A moment in history: Jan. 24, 1919

A moment in history: Jan. 24, 1919

· The Pulse

On this day in 1919, one of Edmonton's largest dairies was courting delegates from the United Farmers of Alberta.

Cattle and ranching have been a part of Alberta's identity for longer than it has been a province. Early advertisements created to entice European settlers to the area focused on farming and ranching as lucrative opportunities for anyone willing to move out west. An 1889 booklet made a special case for what became Alberta as the ideal location for dairy farming. It promised natural grazing lands, "sparkling springs of cold mountain water" and the absence of "highly flavoured noxious weeds" that might affect milk production if cows ate them.

These pledges of land without tasty weeds seemed to work as many settlers established dairy farms, including in the Edmonton area. The first commercial dairy near the city was likely the West End Dairy, established in 1899. It was located in what was considered west Edmonton at the time — around 110 Street and 99 Avenue. The dairy was soon delivering milk, butter, and other dairy products by horse-drawn wagon to the homes of people in the growing settlement.

The early part of the 1900s was a boom time for Edmonton, but it wasn't just the population that was on the rise. Prosperity also increased, and as the city grew larger and wealthier, demand for milk, cheese, and butter continued to rise. With this came more dairies to fulfill the need. The Edmonton City Dairy was one of them. It was founded in 1906 and soon grew to be one of the city's largest, alongside others like the Woodland Dairy and the Jasper Dairy.

By the 1910s, dairy production had become a vital part of Edmonton's economy. Production served local residents but was also shipped and sold in eastern Canada and British Columbia. By 1916, the Edmonton City Dairy had grown to be the largest butter factory in the country, churning up more than 2.5 million pounds of butter annually.

Dairy was still big business in Edmonton in the 1920s, and it made its mark on the city's skyline. In 1928, Edmonton City Dairy commissioned a 27-foot-tall steel milk bottle for the roof of its new building near Jasper Avenue and 109 Street. The eight-ton landmark was made in New York and shipped to the city. This behemoth bottle wasn't all show, however: it also served as the condenser for the building's refrigeration system.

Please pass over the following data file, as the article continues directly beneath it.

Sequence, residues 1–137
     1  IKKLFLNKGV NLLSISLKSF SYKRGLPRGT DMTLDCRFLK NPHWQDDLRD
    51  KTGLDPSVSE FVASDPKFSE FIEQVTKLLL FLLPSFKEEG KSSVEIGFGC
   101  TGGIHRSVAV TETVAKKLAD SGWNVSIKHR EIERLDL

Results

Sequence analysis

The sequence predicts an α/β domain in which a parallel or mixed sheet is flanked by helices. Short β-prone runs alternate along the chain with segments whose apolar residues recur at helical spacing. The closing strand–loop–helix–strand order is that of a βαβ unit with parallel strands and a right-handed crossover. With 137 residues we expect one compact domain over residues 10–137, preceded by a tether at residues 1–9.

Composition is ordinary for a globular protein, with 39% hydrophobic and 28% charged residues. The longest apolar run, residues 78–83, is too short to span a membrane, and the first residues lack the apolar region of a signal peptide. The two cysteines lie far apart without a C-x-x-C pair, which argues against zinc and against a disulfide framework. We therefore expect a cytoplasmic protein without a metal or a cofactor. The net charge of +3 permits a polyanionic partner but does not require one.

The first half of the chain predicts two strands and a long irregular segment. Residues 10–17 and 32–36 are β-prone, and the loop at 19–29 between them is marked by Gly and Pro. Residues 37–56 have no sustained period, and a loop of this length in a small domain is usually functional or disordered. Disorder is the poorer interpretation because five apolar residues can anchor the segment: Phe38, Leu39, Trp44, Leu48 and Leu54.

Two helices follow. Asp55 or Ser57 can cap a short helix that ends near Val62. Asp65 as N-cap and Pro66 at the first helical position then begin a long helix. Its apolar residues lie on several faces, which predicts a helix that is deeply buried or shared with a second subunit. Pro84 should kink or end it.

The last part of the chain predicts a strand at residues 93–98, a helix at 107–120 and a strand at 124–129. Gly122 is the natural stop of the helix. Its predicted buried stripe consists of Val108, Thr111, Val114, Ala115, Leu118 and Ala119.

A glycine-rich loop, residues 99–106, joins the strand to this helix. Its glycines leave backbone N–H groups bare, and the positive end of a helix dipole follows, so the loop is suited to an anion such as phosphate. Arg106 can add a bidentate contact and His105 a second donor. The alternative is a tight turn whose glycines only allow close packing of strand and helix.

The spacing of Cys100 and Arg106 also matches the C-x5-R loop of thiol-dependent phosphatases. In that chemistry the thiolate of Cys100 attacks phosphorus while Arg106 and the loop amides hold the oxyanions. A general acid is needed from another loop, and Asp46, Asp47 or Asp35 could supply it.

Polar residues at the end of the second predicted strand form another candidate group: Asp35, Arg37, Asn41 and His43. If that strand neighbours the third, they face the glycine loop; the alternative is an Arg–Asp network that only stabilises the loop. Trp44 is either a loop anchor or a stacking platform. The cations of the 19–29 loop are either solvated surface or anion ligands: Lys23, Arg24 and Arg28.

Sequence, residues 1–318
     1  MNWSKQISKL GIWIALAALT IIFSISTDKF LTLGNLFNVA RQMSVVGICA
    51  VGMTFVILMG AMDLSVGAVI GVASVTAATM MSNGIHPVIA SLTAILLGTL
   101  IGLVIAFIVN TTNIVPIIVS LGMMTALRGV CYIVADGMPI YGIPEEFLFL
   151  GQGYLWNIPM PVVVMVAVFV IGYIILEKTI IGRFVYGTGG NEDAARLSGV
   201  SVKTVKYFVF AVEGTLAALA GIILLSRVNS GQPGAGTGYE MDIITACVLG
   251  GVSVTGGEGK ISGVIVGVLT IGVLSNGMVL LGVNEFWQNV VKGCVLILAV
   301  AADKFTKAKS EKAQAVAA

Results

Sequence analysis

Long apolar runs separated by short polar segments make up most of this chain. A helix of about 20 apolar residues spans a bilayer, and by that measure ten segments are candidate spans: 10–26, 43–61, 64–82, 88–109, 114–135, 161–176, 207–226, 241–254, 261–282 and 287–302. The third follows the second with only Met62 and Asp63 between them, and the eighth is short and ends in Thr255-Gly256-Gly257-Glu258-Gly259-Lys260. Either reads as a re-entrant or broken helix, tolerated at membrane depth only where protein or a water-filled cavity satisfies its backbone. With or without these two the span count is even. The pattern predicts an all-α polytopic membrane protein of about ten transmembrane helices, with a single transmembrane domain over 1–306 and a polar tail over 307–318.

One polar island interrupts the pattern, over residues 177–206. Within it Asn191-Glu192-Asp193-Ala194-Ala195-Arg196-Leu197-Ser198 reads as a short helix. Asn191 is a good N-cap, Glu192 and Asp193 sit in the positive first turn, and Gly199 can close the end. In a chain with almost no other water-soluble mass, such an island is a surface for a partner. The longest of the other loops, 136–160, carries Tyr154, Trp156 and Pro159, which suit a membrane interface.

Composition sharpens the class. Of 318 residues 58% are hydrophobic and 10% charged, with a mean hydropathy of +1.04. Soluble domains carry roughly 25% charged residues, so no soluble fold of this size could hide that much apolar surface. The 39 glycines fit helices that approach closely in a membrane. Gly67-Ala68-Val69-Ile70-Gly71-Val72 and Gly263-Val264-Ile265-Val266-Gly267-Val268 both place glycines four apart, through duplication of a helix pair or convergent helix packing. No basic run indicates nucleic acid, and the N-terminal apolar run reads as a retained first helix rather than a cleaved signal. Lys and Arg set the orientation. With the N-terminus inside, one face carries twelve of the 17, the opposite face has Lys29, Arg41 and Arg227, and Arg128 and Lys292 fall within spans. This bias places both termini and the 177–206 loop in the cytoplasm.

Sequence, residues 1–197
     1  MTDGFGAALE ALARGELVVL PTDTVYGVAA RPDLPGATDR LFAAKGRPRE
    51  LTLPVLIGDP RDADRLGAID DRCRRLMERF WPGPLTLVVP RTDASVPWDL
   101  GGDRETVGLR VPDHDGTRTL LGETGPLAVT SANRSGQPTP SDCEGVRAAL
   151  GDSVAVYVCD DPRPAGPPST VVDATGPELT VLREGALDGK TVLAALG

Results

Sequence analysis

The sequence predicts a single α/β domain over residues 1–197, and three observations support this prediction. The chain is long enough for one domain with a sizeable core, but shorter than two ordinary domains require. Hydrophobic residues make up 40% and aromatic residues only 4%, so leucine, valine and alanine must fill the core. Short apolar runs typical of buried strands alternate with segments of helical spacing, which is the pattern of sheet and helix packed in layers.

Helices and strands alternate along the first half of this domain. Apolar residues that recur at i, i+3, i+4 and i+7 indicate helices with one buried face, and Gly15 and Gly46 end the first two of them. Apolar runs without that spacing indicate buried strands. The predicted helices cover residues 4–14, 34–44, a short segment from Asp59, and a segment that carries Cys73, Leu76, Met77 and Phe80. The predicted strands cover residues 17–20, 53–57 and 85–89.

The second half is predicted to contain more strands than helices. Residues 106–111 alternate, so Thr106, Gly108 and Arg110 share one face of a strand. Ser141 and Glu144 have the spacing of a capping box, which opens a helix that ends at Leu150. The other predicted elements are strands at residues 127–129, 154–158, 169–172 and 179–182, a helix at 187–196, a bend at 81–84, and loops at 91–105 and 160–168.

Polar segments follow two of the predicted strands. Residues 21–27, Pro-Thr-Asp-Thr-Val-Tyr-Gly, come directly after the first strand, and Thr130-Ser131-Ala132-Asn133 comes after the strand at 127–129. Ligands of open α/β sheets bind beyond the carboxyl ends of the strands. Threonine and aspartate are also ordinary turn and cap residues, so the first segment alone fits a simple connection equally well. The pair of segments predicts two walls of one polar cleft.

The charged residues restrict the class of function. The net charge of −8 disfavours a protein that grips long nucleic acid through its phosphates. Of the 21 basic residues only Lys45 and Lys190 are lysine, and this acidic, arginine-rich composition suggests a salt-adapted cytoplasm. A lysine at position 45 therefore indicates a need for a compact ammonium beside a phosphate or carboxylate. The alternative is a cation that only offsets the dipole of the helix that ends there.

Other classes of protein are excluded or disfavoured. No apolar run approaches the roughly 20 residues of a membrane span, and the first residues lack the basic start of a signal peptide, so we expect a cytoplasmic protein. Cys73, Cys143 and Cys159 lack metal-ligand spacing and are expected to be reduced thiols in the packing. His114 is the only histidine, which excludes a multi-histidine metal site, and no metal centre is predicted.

The bottle outlasted the dairy itself, as it remained on the building after ECD was bought and turned into the Silverwood Dairy.

The 1930s saw the number of milk producers peak in the province, topping out at around 36. Then producers started to decline. New technology and disappearing farmland pushed smaller dairies out. They sold their farms to a shrinking number of mega-producers.

In the latter half of the century, dairy became a less important part of Edmonton's economy. Faster shipping, better refrigeration, and other factors saw more competitors arrive from outside the city. Eventually, Silverwood shut down. Their building was demolished in 1977. That massive milk bottle survived, though, and was moved to Northlands Park.

Edmonton's dairy industry might not be the powerhouse it used to be, but it wasn't forgotten. Home delivery of milk bottles lasted a surprisingly long time — Edmonton's last door-to-door milkman retired in 2012. And there is still a robust community of collectors who seek out old milk bottles, each stamped with the logos and names of the now-defunct dairies.

Milk production is still big in Alberta, with about 500 dairies across the province. And like everything else, technology continues to change the industry. Just last year, an Edmonton start-up announced a project to develop artificial intelligence to identify injured or ill milk cows using photos or videos.

This clipping was found on Vintage Edmonton, a daily look at Edmonton's history from armchair archivist @revRecluse of @VintageEdmonton. ​​